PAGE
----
Creating quality video isn’t about being able to make a video – it’s about being able to take a company’s sales and marketing objectives and to turn those into quantifiable and effective stories USING video.
The other thing that was very apparent today was the increasing risk to businesses who use video randomly and as a “low cost marketing” opportunity: the risk of security breaches and attacks.
Security concerns amplify as corporations rely on increasingly global and device-based marketing and sales initiatives. When a new product is introduced, companies are making an iPad presentation, a YouTube video, and a FaceBook contest part of the process.
opportunities for digital revenue expansion. New business models – including direct-to-consumer subscription and content sales, embedded ecommerce and mobile applications – assume the risk of exposing sensitive customer data as a result of a security breach. The more popular they become, the greater the risk that an online endeavor might be negatively impacted, including:
- Any content on a corporate infrastructure could be attacked, exposed and brought down: production schedules, business productivity applications, content management systems, and more
- e-commerce: With an attack, a revenue-generating sales channel is taken down
- A website not being served, causing anyone that relies on Internet connectivity to do their job to be impacted and unable to access business critical Internet applications like email, Sharepoint or Salesforce.com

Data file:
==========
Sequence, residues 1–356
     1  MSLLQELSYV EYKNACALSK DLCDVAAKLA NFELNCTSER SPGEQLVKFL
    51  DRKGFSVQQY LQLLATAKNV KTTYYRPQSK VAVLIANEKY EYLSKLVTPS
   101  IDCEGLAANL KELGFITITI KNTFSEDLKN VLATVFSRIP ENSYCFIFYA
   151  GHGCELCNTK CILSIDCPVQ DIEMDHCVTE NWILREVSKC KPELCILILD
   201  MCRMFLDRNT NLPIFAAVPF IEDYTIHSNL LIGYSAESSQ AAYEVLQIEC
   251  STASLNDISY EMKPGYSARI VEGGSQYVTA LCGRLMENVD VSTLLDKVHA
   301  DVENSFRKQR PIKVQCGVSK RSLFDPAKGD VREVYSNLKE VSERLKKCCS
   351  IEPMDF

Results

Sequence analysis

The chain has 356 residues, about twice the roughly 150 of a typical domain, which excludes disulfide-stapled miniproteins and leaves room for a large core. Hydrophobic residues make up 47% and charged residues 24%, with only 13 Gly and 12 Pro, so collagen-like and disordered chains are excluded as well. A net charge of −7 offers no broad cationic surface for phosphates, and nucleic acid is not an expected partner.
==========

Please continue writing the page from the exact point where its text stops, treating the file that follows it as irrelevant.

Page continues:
- FTP sites where content is uploaded and accessed
- Customer databases with personal information can be exposed
Security is not a new issue, per se. For the past several decades, those entities experienced with digital media distribution have been focused on protecting digital content and assets from online piracy, to ensure that only those who are proper rights may access media. Today, those concerns have merged with the need to protect assets from a new threat: the hacktivist movement.
This new threat is directly aimed at those entities that use media to share their message. It isn’t just media and entertainment companies that are at risk, either. Corporations that use the Internet to share video, presentations, sales promotions, PR, and community “brand” building are becoming targets.
And the threat isn’t just to delivery of the media. The threat is larger: threat to reputation, threat to revenue and threat to brands. Media and corporate websites are coming under increasing attack – hacking of home pages, replacement of video streams, DDoS bringing sites down to limit access, revenue streams for the business attacked, personal information stolen … and that’s just part of the threat board. Unfortunately, these kinds of attacks have not been on the radars of many media and corporate entities, and their entire marketing process may be at risk.
These factors are proving to be important issues at this year’s NAB. So, while the new Nikon D800 or the latest version of Adobe Creative Suite 6 may be enthralling, there are undercurrents that are just as essential: understanding how to create quality TV everywhere, and how to protect it as well.